SAN BERNARDINO – Faced with dismal student test scores, low graduation rates and high student suspension rates, the preliminary draft of the San Bernardino City Unified School District’s funding plan targets the “cradle to career” needs of its Latino and African-American students, in addition to English learners.

But the very same student data, which district officials used to inform community discussions about how the struggling school system should spend $52.1 million in additional state dollars for the 2014-15 school year, led some parents and community members of this desert city to question the budget priorities outlined in the 95-page proposal.

Some have asked the district to consider redirecting $11.5 million set aside for staff salary increases to support high-needs students. One community group asked board members to invest more money in programs and counselors to keep students out of trouble. And although the district has held more than 35 community meetings about its plan, some parents contend that most people attending those gatherings were staff members.

“If it’s always the same parents and the same opinion, for me it’s not right,” Elizabeth Romero, the parent of five current San Bernardino City Unified students, said during a recent interview. Romero, who also said the district’s meeting times and locations were sometimes inconvenient, added: “If they want to make a difference, they should listen to us.”

But Harold J. Vollkommer, the district’s deputy superintendent, reassured school board members last week that community input was valued throughout the accountability plan process.

“The really great news is that we’ve had more frequent and deeper dialogue with our community than I can remember in 31 years in the district,” he said. “And we now have a better idea of what our community sees as their priorities. And what they want for their children.”

San Bernardino City Unified released the draft of its plan late last month and has been listening to community feedback about the proposal during several meetings over the past two weeks, including a school board workshop and public hearing June 3.

California’s new school funding formula requires all school districts to develop a three-year Local Control and Accountability Plan with community and staff input. The plan, which serves as a district-wide financial and educational guide, must also identify specific strategies that improve services for high-needs students – low-income pupils, English learners and foster youth. Districts must adopt their plans by July 1.

Shifting money to school sites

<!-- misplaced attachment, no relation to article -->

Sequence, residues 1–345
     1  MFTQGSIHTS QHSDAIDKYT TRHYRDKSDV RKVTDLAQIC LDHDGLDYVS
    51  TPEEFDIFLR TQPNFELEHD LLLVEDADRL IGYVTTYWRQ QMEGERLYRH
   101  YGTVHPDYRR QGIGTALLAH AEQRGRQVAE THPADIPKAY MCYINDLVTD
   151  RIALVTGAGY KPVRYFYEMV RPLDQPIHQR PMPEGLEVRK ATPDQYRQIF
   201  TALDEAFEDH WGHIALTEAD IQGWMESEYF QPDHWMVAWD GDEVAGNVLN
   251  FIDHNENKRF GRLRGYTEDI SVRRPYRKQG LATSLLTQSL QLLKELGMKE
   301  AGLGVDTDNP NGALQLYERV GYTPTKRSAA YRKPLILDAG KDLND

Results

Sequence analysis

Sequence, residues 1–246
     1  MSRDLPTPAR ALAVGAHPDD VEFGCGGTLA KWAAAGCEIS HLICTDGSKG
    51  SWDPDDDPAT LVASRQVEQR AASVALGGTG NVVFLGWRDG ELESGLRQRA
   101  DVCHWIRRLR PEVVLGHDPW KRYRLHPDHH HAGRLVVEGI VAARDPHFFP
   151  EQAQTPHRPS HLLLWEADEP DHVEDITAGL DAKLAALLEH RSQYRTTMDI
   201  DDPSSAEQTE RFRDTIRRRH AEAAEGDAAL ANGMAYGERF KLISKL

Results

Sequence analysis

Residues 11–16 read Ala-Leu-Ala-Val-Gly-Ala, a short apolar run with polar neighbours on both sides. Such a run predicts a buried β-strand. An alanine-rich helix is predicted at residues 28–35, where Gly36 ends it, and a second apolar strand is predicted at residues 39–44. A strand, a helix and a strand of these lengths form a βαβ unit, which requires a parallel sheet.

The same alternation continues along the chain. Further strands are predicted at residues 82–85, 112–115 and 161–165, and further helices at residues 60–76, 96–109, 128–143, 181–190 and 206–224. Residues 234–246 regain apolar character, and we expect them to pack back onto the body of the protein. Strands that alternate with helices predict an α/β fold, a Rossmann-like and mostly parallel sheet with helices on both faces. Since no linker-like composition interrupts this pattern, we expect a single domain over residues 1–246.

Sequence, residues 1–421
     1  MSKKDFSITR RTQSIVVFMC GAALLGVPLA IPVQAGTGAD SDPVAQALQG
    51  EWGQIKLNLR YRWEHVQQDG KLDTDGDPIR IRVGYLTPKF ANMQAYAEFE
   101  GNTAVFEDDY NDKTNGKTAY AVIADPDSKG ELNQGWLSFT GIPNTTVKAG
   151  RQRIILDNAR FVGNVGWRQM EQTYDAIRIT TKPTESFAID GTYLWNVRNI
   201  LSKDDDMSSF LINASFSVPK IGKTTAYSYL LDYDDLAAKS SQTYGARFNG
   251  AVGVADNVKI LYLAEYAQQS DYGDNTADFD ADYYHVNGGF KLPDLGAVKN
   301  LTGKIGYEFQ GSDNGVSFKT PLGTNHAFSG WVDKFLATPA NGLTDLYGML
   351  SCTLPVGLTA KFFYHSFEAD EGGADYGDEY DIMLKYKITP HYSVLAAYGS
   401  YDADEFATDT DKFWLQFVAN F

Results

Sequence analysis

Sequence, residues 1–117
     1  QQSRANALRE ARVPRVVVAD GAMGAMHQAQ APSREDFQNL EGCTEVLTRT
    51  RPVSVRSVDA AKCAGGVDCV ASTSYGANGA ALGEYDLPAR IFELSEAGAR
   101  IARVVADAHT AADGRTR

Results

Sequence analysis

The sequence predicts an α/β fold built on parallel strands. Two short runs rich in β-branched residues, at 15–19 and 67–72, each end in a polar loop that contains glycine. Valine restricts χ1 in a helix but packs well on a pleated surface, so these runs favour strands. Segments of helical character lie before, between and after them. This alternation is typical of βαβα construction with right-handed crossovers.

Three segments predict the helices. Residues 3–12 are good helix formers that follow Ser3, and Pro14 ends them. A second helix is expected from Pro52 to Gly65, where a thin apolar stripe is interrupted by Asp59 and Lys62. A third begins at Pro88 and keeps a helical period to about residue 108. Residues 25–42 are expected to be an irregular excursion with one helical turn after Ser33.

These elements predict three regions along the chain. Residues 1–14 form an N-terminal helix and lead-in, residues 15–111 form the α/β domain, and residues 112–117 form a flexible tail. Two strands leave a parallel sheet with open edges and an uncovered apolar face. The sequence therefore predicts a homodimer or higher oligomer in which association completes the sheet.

San Bernardino City Unified administrators spent weeks poring over hundreds of comments from parents, community advocates, teachers and staff members to develop an accountability plan that attempts to address a wide-ranging education wish list in one of California’s most poverty-stricken cities. The public engagement process revealed four key priorities: boosting the high school graduation rate; improving student access to and completion of college-required courses; increasing parent engagement; and reducing suspension and expulsion rates.

However, before the state’s eighth-largest district can divvy up its budget to address those issues, some of the additional funds being brought to the district under the new Local Control Funding Formula will be used to restore $14.8 million in programs, staff and workdays lost during leaner years, explained Janet King, the district’s director of fiscal services. An additional $26.5 million was allocated to address the deficit for 2014-15 the district projected if Gov. Jerry Brown had not signed the funding formula law.

After taking into account those financial commitments and others, like class size reduction, San Bernardino City Unified opted to allocate some of its increased funding based on students’ ethnicity and race in addition to whether they are English learners or foster youth. Almost all of the district’s 50,000 students (95 percent) are poor, English learners, or foster youth.

King explained that San Bernardino City Unified’s plan recognizes that school improvement efforts must emphasize closing the achievement gap to ensure that all students are college and career ready. In addition to a $3.4 million increase in district-wide allocations to serve English learners, foster youth and African-American and Latino students, a $6.2 million boost in funds, or $230 per pupil, will be given directly to each school based on its demographics.

Terry J. Comnick, the district’s director of categorical programs, said by providing money directly to schools, each site would use a data-based needs assessment to determine how to expand and enhance student services. The site-based strategies must be consistent with the district accountability plan’s goals and each school’s Single Plan for Student Achievement, which is a school improvement plan. Comnick said the principal will work with school site council members, which include parents, teachers and secondary students, to help decide how the funds should be used to increase student achievement.

Vollkommer added that principals will be trained by a consultant this month to learn how to involve their school communities to shape their site-specific plans. He said parents would also receive additional training.

Community advocate seeks ‘transparency’